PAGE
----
The low-carbon fuel cell installed at 20 Fenchurch Street – London’s ‘Walkie Talkie’ building – cost £4 million, but contributes 7% of the entire building’s electricity needs. Landsec are also committed to improving the amount of onsite renewable technology with a new target to achieve 3 MW capacity by 2030. Current capacity has doubled to 1.4 MW this summer with their largest installation to date, a 785 kWp solar PV system at White Rose Shopping Centre in Leeds. The system provides 20% of all landlord power, reducing costs for customers and increasing the asset’s resilience, and has become the largest of its kind in the UK.
Elsewhere, site specific energy reduction assessments continue to find more energy reduction opportunities. The 65 projects agreed last year cost around £2.4 million, but will save customers 7.7m kWh of energy and £877,000 a year in reduced energy bills, with a ROI of under 3 years.
This year, more projects have been identified across the portfolio – projects that will “continue to nudge the dial,” says Byrne. But it is the other more innovative “unknowns” that offer the step change needed for a business like Landsec, he says. “We need to be trialling new technologies and using new models.”
Adopting a bold, science-based target is a move that has had a much bigger impact than first realised, he adds, transforming energy management programmes, which rather than purely focus on operational activities are much more strategic. There is now a more stringent set of requirements for making sure new developments are more sustainable, and a new Responsible Property Investment Policy demands a consideration of sustainability when acquiring new assets, meaning carbon, as well as costs, are formally considered by the Investment Committee.
“Our staff have really got behind it too,” adds Kate Attwooll, Sustainability Executive “We have a long history of creating jobs and opportunities and our people are very passionate about that. But things like energy efficiency have always been seen as a bit too tech-y to really bring our teams together. But that’s changing. We have new training programmes to make sure that everybody knows sustainability matters.” Group-wide KPIs focused on energy management have certainly helped to focus the mind, especially when performance determines bonuses – not only for the CEO and board, but for junior execs too.
The 13.2% reduction in energy intensity achieved across Landsec’s portfolio has seen tenants avoiding energy and carbon costs of £2.9m, when compared to 2013/14, every year. Meanwhile, new developments are increasingly being marketed using their efficiency and wellbeing credentials. The Zig Zag development, featured natural light levels, ventilation, renewable energy and rainwater harvesting, and was billed as “the thoughtful building,”
And ultimately, Landsec’s renewed focus on climate change is about risk mitigation, encouraging innovation along the supply chain, collaborating with partners in new and interesting ways and building a brand strength that will continue to make the business an employer and landlord of choice. “Sustainability is about ensuring that Landsec is in existence, and healthy, in five, ten and 20 years time,” says Robert Noel, the company’s Chief Executive. “We must anticipate the changing requirements of our customers, our communities, our employees and our partners and ensure we keep them in balance.”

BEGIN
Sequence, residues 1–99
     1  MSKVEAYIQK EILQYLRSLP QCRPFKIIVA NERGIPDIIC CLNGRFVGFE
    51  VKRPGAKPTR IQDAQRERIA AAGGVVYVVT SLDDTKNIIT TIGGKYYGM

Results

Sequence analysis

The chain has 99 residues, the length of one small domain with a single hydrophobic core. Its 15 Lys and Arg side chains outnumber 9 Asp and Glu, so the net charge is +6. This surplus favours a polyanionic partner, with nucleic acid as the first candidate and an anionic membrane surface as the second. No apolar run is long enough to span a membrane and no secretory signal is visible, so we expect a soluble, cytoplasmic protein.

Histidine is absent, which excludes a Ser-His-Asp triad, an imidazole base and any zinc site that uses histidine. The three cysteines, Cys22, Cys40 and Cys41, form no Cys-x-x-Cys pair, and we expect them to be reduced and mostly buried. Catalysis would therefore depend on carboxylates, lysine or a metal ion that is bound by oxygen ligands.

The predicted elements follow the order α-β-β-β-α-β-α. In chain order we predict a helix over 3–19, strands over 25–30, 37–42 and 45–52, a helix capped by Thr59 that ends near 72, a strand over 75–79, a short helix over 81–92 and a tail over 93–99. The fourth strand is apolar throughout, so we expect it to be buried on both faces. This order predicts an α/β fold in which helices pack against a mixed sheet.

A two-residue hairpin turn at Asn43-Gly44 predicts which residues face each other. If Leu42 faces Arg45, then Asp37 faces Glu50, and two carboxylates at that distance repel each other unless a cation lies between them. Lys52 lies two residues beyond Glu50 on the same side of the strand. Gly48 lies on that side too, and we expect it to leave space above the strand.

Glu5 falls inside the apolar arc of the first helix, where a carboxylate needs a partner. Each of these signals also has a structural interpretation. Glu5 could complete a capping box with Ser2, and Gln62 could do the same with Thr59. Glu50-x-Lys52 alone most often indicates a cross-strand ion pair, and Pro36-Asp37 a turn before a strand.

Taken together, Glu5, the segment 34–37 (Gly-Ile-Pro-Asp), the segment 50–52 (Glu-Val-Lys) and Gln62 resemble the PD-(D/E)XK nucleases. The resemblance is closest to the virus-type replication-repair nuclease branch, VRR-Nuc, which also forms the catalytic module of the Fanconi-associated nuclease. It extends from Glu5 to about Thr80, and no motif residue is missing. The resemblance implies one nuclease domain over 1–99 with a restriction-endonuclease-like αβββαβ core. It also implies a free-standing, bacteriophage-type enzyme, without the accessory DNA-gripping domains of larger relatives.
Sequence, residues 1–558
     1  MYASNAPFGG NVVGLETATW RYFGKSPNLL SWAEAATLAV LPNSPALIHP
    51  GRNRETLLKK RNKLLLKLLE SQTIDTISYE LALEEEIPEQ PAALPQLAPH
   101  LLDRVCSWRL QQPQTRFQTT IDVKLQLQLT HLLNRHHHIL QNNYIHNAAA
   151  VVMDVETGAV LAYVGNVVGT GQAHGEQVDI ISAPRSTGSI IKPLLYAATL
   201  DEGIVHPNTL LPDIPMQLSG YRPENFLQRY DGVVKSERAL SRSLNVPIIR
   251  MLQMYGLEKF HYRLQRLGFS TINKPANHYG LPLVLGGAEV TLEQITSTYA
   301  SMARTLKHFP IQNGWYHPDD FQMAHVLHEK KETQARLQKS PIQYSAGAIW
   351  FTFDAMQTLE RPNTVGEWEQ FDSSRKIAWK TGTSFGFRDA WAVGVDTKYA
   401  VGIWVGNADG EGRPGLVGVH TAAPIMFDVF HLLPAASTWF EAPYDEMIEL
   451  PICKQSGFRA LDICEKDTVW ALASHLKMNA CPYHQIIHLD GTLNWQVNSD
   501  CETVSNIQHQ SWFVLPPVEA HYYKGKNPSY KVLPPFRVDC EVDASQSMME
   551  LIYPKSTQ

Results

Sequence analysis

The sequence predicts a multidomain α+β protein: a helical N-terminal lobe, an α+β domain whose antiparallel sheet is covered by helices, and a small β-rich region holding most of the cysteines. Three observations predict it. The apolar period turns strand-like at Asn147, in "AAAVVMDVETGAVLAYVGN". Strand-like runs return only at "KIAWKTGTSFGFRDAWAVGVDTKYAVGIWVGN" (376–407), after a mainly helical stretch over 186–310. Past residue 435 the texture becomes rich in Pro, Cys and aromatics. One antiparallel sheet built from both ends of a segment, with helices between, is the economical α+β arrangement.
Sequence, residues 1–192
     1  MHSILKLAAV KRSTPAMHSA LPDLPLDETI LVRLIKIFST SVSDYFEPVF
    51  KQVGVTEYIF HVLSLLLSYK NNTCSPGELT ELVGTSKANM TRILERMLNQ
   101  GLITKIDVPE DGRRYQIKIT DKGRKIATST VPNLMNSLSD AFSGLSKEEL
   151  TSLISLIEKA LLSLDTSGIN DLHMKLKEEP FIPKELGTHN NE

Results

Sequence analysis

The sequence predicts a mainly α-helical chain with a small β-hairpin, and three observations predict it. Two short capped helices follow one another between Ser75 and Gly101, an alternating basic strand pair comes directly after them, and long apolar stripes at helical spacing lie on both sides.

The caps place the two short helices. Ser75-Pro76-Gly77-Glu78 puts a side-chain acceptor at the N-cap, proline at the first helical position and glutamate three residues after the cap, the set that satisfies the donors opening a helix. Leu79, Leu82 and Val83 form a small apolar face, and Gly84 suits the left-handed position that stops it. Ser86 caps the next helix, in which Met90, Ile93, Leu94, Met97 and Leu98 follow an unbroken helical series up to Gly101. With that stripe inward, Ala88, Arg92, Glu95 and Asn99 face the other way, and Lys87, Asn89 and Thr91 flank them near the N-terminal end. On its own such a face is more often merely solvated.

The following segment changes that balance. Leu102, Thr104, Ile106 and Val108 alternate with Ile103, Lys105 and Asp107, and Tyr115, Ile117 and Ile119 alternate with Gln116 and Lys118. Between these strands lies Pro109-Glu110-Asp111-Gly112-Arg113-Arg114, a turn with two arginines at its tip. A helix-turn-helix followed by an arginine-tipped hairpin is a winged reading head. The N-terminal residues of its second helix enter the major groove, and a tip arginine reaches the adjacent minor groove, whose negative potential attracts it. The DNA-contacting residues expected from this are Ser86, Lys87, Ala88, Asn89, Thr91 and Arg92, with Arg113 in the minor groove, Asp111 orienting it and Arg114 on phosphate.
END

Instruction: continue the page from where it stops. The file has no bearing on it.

Westgate, Oxford: The ultra low-carbon retail destination
Beyond finding operational efficiencies to properties, Landsec is committed to assessing and reducing the embodied carbon of an asset – how much carbon dioxide was emitted during the manufacture, transport and construction of building materials. The goal is to beat company and industry embodied carbon intensity benchmarks. It’s not easy though, as it demands that partners across the supply chain also get on board with reducing emissions. However, the business admits that if it gets it right, it can make a huge difference.
During the development of its Westgate, Oxford retail destination, the company has so far avoided more than 30,000 tonnes of embodied carbon emissions thanks to better planning, design and construction. That is the same volume of emissions as the property is expected to create during operation over the next 30 years.
To achieve this, Landsec used a high volume of recycled materials, buying local recycled aggregate and concrete with a high recycled content. Disposal sites were established close to the construction site reducing transportation emissions. By the time the project is complete, total emission avoidance should reach 39,000 tonnes – a huge achievement given that the total embodied carbon emissions across the whole business totalled 126,000 tonnes last year.
Comment By Simon Webley Research Director, Institute of Business Ethics
It is true that consistently good ethical behaviour promotes not only good business, but long term success. Corporate relations with local and national communities is one of the critical matters that any business wishing to be sustainable has to address.
If corporate behaviour in its widest sense is not considered acceptable, you will not have a long term business: good people will not work for you and borrowing from the financial sector will be more expensive as the risk of your failing rises.
Landsec clearly realises this. Their goals for the efficient use of energy and growth in the usage of recycled materials are having a measurable effect not only at their building sites, but also on the level of fuel consumption in their commercial properties around the country.
The basis of this trend is ‘Science Based Targets’. Installing quantities of measuring devices may seem ‘over the top’, but it definitely awakens awareness of the importance of environmental preservation.
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